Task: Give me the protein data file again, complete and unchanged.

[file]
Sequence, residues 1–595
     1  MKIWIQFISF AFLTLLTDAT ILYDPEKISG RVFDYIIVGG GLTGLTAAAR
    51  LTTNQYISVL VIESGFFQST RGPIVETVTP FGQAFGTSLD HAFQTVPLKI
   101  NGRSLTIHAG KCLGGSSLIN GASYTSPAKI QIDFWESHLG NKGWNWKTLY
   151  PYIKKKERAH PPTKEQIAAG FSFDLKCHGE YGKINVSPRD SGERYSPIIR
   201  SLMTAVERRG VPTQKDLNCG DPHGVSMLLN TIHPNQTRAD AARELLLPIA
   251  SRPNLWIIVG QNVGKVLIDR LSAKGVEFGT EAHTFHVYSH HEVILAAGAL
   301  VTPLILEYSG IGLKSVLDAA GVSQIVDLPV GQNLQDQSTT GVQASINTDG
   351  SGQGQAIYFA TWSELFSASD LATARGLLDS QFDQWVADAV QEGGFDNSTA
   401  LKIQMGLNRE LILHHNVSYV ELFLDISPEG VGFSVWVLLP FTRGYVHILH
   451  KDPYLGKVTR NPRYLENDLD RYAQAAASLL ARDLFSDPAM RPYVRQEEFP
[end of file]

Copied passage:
Sequence, residues 1–595
     1  MKIWIQFISF AFLTLLTDAT ILYDPEKISG RVFDYIIVGG GLTGLTAAAR
    51  LTTNQYISVL VIESGFFQST RGPIVETVTP FGQAFGTSLD HAFQTVPLKI
   101  NGRSLTIHAG KCLGGSSLIN GASYTSPAKI QIDFWESHLG NKGWNWKTLY
   151  PYIKKKERAH PPTKEQIAAG FSFDLKCHGE YGKINVSPRD SGERYSPIIR
   201  SLMTAVERRG VPTQKDLNCG DPHGVSMLLN TIHPNQTRAD AARELLLPIA
   251  SRPNLWIIVG QNVGKVLIDR LSAKGVEFGT EAHTFHVYSH HEVILAAGAL
   301  VTPLILEYSG IGLKSVLDAA GVSQIVDLPV GQNLQDQSTT GVQASINTDG
   351  SGQGQAIYFA TWSELFSASD LATARGLLDS QFDQWVADAV QEGGFDNSTA
   401  LKIQMGLNRE LILHHNVSYV ELFLDISPEG VGFSVWVLLP FTRGYVHILH
   451  KDPYLGKVTR NPRYLENDLD RYAQAAASLL ARDLFSDPAM RPYVRQEEFP